$$\Delta u = \frac{\partial^2 u}{dx^2} + \frac{\partial^2 u}{dy^2}$$

We consider the domain $$0 \leq x \leq 1$$, $$0 \leq y \leq 1$$. The function f is defined by

$$f(x, y) = -2\pi^2 cos(2\pi x) sin^2(\pi y) - 2\pi^2 sin^2(\pi x) cos(2\pi y) $$

The solution is

$$u(x, y) = sin^2(\pi x) sin^2(\pi y)$$

We use a second order finite difference approximation of the Laplace operator based on a grid of N-by-N points.

To solve this problem, we use the Scibench external module. In order to install this module, we use the statement:

atomsInstall("scibench")

and restart Scilab.

We use the "poisson.sce" script provided at:

http://forge.scilab.org/index.php/p/scibench/source/tree/HEAD/demos/poisson.sce

The scibench_poissonA(n) statement creates a sparse matrix equation associated with n cells in the X coordinate and n cells in the Y coordinate. Before calling this session, we call the stacksize function in order to let Scilab allocate as much memory as possible. Then we call the PlotSparse function to plot the sparsity pattern of the matrix.

stacksize("max");
A = scibench_poissonA(50);
PlotSparse(A)

The previous script produces the following plot.

PoissonSparsityPattern.png

The scibench_poisson function solves the 2D Poisson equation. Its calling sequence is

scibench_poisson ( N , plotgraph , verbose , solver )

where N is the number of cells, plotgraph is a boolean to plot the graphics, verbose is a boolean to print messages and solver is a function which solves the linear equation A*x=b.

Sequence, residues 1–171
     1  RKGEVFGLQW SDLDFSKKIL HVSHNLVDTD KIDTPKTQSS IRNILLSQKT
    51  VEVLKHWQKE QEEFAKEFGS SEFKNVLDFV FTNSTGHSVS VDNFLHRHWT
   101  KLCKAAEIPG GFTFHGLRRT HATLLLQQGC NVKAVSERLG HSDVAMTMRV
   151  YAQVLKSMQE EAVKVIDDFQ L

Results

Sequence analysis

The solver argument is designed so that we can customize the linear equation solver which we want to use. For example, if we want to use the sparse backslash operator, all we have to do is to create the mysolverBackslash function as below.

function u=mysolverBackslash(N, b)
    A = scibench_poissonA(N);
    u = A\b;
endfunction

The following script solves the Poisson equation with N = 50.

scf();
scibench_poisson(50, %t , %t , mysolverBackslash );

The previous script produces the following output, where h is the dimensionnal spacee step and enorminf is the value of the infinite norm of the error.

-->scibench_poisson(50, %t , %t , mysolverBackslash );
N =    50
h =  1.9607843137254902e-002
h^2 =  3.8446751249519417e-004
enorminf =  1.2634082165868810e-003
C = enorminf / h^2 =  3.2861247713424775e+000
wall clock time =       0.15 seconds

The previous script also produces the following plot.

plotSolutionPoisson.png

We could use other Scilab functions to solve this problem, including the Umfpack module or iterative solvers (such as the pcg function). Interested readers may read [3] for more details on this topic.

Open Source Libraries

Document and tutorials

A complete review of sparse matrices in Scilab is presented at:

In "CPSC 5006 EL01 Matrix Computations" (HTML), Julien Dompierre, from the Department of Mathematics and Computer Science, Laurentian University, Canada, presents a set of lectures and Scilab scripts for Matrix computations. Some of these lectures are on sparse matrices:

Conclusion

Scilab 5 can manage sparse matrices and solve partial differential equations such as the Poisson equation for example. Indeed, Scilab provides several sparse linear equation solvers, including a sparse backslash operator, iterative methods (e.g. the pre-conditionned conjugate gradient algorithm) and other direct solvers such as the Umfpack or Taucs modules. With these tools we can solve huge systems of linear equations, because Scilab only stores the nonzero entries of these massive matrices.

More details on sparse matrices are presented in [1].

Bibliography

public: Overview of sparse matrices in Scilab (last edited 2020-10-10 14:07:29 by 170)